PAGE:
ADHD and Organization: Clear Clutter from Your Workspace

This 10-point plan, designed by a professional organizer, can help ADHD adults de-clutter and organize their desks and office space -- in less than two hours.

Organizing Strategies 1-5

Organize-Organization-Desk

Step 1: Quickly sort clutter into four categories: Keep, Trash/Recycle, Shred, and Belongs Elsewhere. We used three cardboard bankers boxes (Keep, Shred, Belongs Elsewhere) and two trash bags (Trash and Recycle). Trash/Recycle and Shred should be your biggest piles. I call this a “quick sort” because everything, except trash, will be re-sorted, so you can make decisions quickly. (30 minutes)

This step enables ADHD adults to break through the obstacle of not knowing where to start and the fear of throwing away valuable items. You can always decide later if you want to transfer them to a different category (from Belongs Elsewhere, for example, to Keep). If you can’t maintain your focus for 30 minutes, set a timer for 10-minute work periods. Take a short break after each period.

Step 2: Do a detailed sort of the items in the Keep box. We ended up with papers, CDs, books, electronic equipment (computer accessories and cables), and general office supplies (pens and paperclips). (10 minutes)

Step 3: Start with an easy task, to avoid getting overwhelmed. M and I found a home for some items from the Keep box. We placed books on the bookshelf and office supplies in desk drawers. On a bookshelf, items are visible but not cluttered: You see a shelf of books, not other objects, when scanning it.

Desk drawers are tricky for ADDers, who have “out of sight, out of mind” syndrome. The key is to store a staple of supplies, of the same general type, in a single drawer. I had M store often-used office supplies in the top two drawers, and less frequently used computer accessories in the bottom drawer.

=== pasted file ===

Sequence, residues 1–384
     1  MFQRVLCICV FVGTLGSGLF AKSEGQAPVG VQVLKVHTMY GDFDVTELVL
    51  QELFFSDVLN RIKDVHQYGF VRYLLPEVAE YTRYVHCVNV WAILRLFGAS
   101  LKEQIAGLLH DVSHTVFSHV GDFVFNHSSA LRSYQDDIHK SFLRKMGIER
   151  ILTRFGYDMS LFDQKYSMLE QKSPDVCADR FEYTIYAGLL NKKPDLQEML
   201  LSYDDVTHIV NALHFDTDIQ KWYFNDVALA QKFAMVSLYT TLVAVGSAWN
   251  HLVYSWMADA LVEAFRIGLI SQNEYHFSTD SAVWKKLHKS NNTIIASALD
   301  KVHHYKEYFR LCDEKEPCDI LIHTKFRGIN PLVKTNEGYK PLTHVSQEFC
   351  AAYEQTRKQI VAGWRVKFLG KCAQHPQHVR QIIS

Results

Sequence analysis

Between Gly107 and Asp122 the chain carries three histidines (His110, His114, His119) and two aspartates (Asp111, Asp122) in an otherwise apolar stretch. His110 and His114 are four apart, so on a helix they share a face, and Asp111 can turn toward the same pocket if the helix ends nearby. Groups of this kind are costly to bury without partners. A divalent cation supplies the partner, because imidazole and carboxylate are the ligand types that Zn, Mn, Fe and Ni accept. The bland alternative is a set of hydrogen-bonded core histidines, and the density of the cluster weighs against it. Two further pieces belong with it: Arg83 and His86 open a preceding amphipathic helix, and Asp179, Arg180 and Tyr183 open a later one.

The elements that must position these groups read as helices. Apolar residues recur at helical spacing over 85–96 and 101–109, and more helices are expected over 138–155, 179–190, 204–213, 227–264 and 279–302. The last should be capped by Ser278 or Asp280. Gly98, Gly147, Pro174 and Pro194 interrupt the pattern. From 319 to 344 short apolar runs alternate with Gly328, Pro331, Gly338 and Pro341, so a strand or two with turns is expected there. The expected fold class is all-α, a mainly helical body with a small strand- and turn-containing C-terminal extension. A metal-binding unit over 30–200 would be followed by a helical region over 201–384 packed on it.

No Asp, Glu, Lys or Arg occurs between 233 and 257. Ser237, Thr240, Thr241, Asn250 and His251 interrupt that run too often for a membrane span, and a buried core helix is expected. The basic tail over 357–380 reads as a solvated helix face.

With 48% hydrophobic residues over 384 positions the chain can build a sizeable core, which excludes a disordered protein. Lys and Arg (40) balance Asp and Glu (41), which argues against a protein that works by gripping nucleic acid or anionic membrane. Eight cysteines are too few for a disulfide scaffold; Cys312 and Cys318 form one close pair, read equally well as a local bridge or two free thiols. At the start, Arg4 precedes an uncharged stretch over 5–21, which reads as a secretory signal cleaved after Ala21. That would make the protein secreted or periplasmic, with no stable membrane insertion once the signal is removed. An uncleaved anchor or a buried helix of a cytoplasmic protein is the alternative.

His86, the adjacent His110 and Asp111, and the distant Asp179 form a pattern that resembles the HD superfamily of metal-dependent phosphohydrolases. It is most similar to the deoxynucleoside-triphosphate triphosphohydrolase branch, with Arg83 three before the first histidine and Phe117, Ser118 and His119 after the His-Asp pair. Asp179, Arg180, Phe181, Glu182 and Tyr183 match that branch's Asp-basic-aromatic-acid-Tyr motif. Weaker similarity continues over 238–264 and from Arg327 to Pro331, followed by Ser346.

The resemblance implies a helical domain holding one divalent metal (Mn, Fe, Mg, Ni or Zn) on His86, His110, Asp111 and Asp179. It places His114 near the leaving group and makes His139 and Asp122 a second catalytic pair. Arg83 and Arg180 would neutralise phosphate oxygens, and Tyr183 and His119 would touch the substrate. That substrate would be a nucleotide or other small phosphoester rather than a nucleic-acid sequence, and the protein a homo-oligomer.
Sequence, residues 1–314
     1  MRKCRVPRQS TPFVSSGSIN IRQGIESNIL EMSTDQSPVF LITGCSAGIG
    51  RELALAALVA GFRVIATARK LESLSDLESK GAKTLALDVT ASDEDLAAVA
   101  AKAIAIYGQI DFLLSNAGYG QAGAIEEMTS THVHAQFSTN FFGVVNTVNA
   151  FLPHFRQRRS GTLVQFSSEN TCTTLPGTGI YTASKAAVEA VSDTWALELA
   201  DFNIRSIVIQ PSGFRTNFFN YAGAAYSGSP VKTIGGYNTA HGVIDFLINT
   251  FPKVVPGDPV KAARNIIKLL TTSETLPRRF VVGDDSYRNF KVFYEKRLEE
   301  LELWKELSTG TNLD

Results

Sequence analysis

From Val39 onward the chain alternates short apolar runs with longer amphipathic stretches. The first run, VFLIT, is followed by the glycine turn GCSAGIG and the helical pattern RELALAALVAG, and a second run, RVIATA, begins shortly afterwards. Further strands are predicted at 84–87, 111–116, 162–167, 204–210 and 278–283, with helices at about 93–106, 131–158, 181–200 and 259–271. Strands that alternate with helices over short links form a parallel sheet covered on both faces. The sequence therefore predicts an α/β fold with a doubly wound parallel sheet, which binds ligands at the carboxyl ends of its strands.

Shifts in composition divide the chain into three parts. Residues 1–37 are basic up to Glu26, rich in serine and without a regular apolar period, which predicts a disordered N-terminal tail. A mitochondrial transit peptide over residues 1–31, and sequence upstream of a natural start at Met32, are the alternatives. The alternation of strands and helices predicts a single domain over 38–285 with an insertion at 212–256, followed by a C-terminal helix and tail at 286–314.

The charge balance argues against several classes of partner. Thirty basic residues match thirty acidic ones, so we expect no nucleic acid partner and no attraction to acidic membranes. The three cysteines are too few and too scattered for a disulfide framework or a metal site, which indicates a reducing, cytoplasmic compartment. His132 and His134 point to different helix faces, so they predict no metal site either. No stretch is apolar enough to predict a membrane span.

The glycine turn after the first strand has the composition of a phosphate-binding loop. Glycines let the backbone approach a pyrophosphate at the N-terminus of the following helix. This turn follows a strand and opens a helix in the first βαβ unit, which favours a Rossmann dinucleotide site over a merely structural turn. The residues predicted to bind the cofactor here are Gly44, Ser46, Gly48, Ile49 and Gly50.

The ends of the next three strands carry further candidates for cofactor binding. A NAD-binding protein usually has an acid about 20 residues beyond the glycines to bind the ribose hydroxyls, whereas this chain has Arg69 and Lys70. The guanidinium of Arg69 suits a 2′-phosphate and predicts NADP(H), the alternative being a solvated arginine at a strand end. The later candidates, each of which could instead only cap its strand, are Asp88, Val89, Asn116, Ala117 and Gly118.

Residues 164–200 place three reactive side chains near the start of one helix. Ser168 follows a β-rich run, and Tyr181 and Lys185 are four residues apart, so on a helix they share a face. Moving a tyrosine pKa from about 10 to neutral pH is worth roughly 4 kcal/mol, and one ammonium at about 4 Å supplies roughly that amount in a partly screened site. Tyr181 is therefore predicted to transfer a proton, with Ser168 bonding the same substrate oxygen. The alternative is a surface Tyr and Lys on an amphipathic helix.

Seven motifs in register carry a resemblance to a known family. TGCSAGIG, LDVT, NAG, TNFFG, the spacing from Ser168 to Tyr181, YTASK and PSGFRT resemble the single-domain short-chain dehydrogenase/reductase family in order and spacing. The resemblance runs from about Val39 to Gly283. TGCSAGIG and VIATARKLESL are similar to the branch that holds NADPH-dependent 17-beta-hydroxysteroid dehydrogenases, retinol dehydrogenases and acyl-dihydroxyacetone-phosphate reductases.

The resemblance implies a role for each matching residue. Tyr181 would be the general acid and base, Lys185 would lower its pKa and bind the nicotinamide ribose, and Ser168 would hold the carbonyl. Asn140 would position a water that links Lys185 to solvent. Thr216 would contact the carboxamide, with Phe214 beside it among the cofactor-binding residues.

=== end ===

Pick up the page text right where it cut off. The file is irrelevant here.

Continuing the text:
To build M and J’s confidence, I had them do another easy task: placing CDs (or CD-ROM software) in a CD wallet. The wallet fits nicely on the bookshelf, minimizing the space a CD collection takes up. It also groups similar items together, so M and J could find them quickly. (7 minutes)

Step 4: Put infrequently used electronic equipment in an old inbox. M’s Elfa Drawer File, which he used as an inbox, wasn’t helping him stay organized. He piled on more stuff -- and found less of it. We stored items (an extra mouse, cables, USB hub, and battery charger) in it and placed it in a nearby office closet. We purchased a letter holder to use as an inbox (see Step 10). M remarked, “The room is less cluttered already.” (5 minutes)

Step 5: File papers in a file organization kit like the FreedomFiler system. This all-in-one filing system eliminates the need to go through piles of paper to decide what to keep and what to throw away. The color-coded FreedomFiler lets you know when you can get rid of a document or when to move it to another category. You set up the files once -- no need to relabel them each year. [Initial set-up of the FreedomFiler system may take up to an hour, although the company offers a simpler, pre-assembled kit as well.] (20 minutes)

Next: Organizing Strategies 6-10

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